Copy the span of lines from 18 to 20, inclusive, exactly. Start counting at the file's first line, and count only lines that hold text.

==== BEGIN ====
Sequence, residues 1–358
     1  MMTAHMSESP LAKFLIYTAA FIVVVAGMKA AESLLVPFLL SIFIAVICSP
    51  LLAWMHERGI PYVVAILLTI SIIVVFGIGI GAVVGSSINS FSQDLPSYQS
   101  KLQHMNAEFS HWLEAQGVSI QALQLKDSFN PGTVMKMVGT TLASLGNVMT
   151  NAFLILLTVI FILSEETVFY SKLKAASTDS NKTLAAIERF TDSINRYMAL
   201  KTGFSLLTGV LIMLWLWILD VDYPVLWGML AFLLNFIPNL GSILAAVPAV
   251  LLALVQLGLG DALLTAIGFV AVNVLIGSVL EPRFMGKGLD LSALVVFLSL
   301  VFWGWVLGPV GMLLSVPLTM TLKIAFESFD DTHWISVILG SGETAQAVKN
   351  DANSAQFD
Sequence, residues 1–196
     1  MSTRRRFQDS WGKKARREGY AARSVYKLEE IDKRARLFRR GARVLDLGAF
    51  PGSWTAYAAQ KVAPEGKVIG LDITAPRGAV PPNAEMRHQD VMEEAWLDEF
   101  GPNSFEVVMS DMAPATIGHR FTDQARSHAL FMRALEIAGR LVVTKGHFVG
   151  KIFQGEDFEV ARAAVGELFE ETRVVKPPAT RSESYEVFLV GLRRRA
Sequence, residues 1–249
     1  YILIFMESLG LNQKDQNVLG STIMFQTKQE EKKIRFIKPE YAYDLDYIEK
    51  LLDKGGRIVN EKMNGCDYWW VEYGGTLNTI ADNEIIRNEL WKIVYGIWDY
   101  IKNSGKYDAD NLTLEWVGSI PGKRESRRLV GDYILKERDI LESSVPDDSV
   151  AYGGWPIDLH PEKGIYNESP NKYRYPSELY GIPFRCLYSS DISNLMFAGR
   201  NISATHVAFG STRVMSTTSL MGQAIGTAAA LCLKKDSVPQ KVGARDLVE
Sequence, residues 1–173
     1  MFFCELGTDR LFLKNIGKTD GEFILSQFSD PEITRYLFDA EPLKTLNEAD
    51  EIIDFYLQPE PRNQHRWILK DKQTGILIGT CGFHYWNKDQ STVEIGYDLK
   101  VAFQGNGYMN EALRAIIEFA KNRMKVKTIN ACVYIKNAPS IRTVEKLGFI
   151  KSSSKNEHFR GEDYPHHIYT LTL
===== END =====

   101  IKNSGKYDAD NLTLEWVGSI PGKRESRRLV GDYILKERDI LESSVPDDSV
   151  AYGGWPIDLH PEKGIYNESP NKYRYPSELY GIPFRCLYSS DISNLMFAGR
   201  NISATHVAFG STRVMSTTSL MGQAIGTAAA LCLKKDSVPQ KVGARDLVE